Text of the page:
Housing Affordability and the Cost Burden
Housing Affordability refers to housing that is affordable to low-income households.
It is determined by using a nationally recognized affordability index. There are different methods for determining housing affordability. This article discusses the limitations of the conventional methods. It also covers the impact of cost burden on affordability. After reading this article, you will be better equipped to make an informed decision about your housing options.
Inequality in housing costs
The cost of housing is one of the most important factors affecting income inequality. However, many factors can also contribute to the increase in income inequality. For example, inequalities in housing costs can be a result of the fact that the top half of the income distribution spends less on housing than the bottom half. This suggests that housing costs are not the most important factor driving income inequality, but rather other economic factors.
Regardless of the causes, rising housing costs and income inequality is contributing to the increasing gap between the rich and the poor in the United States and Canada. Housing costs have been rising the most for the lower tenth of the income distribution, while the richest quarter of households has seen their costs rise the least. And these increases are being exacerbated by a planning system that prevents new homes from being built in the expensive parts of cities.
Impact of cost burden on affordability
The cost burden is a major issue facing millions of renter households across the United States. The costs of housing are disproportionate to the income, and this burden is particularly prevalent among extremely low-income households. These households earn below half of the median income in their area. According to a new report by the National Low Income Housing Coalition (NLIHC), about 10.8 million renter households have extremely low incomes. Nearly half of these households spend more than half of their income on housing. Most of these renter households are senior citizens or persons with disabilities.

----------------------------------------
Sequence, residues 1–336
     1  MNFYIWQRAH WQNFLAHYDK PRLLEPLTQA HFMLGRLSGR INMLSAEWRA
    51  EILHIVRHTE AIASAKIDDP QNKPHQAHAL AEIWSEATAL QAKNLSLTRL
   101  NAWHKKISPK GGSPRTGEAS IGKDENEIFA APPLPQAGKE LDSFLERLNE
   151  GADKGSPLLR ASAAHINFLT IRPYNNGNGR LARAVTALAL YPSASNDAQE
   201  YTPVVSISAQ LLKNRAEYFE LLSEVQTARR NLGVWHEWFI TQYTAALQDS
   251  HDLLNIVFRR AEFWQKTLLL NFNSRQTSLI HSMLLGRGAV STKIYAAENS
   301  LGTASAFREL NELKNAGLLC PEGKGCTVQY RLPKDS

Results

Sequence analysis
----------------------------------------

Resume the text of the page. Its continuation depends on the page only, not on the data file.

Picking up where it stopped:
As the cost of housing continues to rise, it has become increasingly difficult to find affordable housing. Nearly half of renter households spent more than 30 percent of their income on housing in 2017, meeting the HUD’s definition of cost-burdened households. While this burden has been a long-standing problem for poor renter households, it is becoming increasingly problematic for middle-income households, especially those living in cities with strong job markets.
Methods of calculating affordability
The affordability of housing depends on several factors. One factor is income. In California, the median home price is $404,520, more than twice the national average of $173,200. Affordability is also a function of the type of mortgage used: fixed, adjustable, or a combination of the two.
The conventional measure of housing affordability tends to underestimate the burden of high housing costs. For example, it may underestimate combined housing costs and transportation costs. Also, it may underestimate the number of households that need quality affordable housing.
Limitations of conventional measures of affordability
Conventional measures of housing affordability are not accurate for every location or time period. While some households may be willing to pay up to 30 percent of their income for housing, those households may not have access to affordable units. Some units may be occupied, located in a difficult-to-reach area, or off-limits to certain groups. Some may also have exorbitant relocation costs.
Traditionally, affordability was calculated as the ratio of housing costs to income. This was deemed an appropriate affordability metric. However, it does not measure income inequality. In addition, housing affordability is correlated with economic and social circumstances. Therefore, there must be a logical basis for determining an appropriate ratio.
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